Testing these kinds of systems is a huge pain. You need a test lab that has one of everything you’re connecting to. If you’re updating some of them, then you need a lab with the old one AND the new one – like a new version of Oracle or MySQL. Setting up the lab costs time and money, and then I have to fight with other teams to use it. Service Virtualization let’s me make fake (virtual) versions of the things I depend on, and then use them to test instead of needing the real thing.

This not only makes it faster/easier/cheaper to test, but it frees IT to do other important things. Plus I can make these virtual things behave how I want them to – if I want them to flood the network, they will. If I want them to be fast or slow to respond, I can do that. If I want one of them to be a bad actor and pretend it’s been compromised, no problem. My testing will be more thorough in addition to easier.

Once you realize that service virtualization technology is for you, the next step is to choose a tool. Lot’s of people instantly go check open-source, because of course it “doesn’t cost anything”. I’ve done a pretty thorough check of all open-source SV tools and at the moment they’re only really useful if your whole world is centered in http/https. Even then there are lots of other features like using a UI to create, manage, and deploy the virtual assets. So now that Parasoft created a free version, why not see what commerical software offers you? You can download it here.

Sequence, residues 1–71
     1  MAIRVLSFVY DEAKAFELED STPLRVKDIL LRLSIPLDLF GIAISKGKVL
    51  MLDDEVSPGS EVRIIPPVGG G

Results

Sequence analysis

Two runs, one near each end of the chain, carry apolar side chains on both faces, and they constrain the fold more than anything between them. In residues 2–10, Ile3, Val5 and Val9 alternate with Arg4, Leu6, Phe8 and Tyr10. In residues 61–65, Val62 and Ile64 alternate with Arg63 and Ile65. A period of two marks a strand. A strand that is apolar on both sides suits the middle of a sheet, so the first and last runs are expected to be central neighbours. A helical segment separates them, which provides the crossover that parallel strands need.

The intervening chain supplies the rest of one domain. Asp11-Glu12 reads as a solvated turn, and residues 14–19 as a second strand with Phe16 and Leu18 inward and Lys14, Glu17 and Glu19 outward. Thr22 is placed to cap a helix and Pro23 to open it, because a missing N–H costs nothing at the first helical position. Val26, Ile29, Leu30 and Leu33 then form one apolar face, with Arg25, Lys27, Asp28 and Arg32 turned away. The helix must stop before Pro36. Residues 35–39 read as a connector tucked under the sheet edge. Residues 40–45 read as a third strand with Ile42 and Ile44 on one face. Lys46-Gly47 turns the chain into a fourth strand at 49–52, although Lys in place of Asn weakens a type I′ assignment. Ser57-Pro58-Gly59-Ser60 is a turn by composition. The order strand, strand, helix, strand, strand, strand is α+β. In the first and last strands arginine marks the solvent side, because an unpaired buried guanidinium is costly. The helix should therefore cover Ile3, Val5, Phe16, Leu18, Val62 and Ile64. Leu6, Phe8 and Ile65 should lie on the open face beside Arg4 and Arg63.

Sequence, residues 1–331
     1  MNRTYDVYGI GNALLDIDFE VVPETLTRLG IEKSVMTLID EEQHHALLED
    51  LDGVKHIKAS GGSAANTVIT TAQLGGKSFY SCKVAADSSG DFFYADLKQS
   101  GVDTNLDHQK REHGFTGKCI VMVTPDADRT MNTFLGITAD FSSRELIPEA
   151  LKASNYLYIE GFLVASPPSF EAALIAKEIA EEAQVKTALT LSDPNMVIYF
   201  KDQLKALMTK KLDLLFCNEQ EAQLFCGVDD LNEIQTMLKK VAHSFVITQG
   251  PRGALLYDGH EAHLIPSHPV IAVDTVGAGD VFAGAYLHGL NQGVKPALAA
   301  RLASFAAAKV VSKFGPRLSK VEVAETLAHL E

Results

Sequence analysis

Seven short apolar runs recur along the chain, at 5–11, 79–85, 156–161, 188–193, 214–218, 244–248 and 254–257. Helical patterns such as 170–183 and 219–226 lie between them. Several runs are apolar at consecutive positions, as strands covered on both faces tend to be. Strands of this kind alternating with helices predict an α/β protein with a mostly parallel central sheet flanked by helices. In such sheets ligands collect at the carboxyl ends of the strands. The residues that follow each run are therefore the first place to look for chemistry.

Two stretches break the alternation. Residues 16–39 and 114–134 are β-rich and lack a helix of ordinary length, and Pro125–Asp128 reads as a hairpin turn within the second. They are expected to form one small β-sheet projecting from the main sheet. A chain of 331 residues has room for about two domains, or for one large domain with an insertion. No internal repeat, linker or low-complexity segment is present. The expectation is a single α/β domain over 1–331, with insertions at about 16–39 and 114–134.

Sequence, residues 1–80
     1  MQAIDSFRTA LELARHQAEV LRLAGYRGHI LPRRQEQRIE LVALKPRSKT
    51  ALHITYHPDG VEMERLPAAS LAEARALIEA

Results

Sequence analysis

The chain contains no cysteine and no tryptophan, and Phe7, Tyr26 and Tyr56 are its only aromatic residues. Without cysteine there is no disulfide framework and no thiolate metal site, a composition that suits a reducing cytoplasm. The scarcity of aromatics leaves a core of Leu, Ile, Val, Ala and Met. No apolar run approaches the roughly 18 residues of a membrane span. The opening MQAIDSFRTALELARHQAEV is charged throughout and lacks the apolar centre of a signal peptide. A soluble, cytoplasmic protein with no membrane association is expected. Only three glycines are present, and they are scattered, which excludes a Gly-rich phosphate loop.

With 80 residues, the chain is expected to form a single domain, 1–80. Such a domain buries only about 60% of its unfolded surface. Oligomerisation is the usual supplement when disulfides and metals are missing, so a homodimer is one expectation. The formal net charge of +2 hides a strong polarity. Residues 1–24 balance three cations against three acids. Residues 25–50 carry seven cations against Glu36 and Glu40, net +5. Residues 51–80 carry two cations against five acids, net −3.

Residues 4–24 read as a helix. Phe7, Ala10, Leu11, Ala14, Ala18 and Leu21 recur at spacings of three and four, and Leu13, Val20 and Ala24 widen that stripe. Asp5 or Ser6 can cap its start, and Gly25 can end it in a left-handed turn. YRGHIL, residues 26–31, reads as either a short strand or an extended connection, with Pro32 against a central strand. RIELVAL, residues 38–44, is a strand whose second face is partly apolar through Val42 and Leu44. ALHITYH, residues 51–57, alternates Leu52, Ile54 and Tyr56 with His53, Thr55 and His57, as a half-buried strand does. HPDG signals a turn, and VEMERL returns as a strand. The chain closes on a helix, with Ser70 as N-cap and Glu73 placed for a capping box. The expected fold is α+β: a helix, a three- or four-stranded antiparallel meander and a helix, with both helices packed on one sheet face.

Try it, you’ll like it.

Does Cloud Change Static Analysis

Look, we all know that using static analysis tools can be a real pain. In the past I’ve talked about some of the reasons people struggle with the output of AppSec tools. Similarly people struggle with using static code analysis. I even did a poll about static analysis challenges at one point.

From the feedback I’ve gotten, it seems that some people think that doing static analysis via SaaS (IE the cloud) would address the problems I’ve discussed. There are real challenges in getting the most out of your static analysis, but the claim that somehow cloud will solve them is ridiculous marketing hype – why would it change at all? Why should developers even be able to tell the difference? It doesn’t address any of the core issues. There are benefits you can get from using cloud for your static analysis aka Static Analysis as as Service (SAaaS?) such as reduction of up-front costs, saved IT costs, and easy deployment. But the most common problems are the same whether you run the tool in-house or use a service.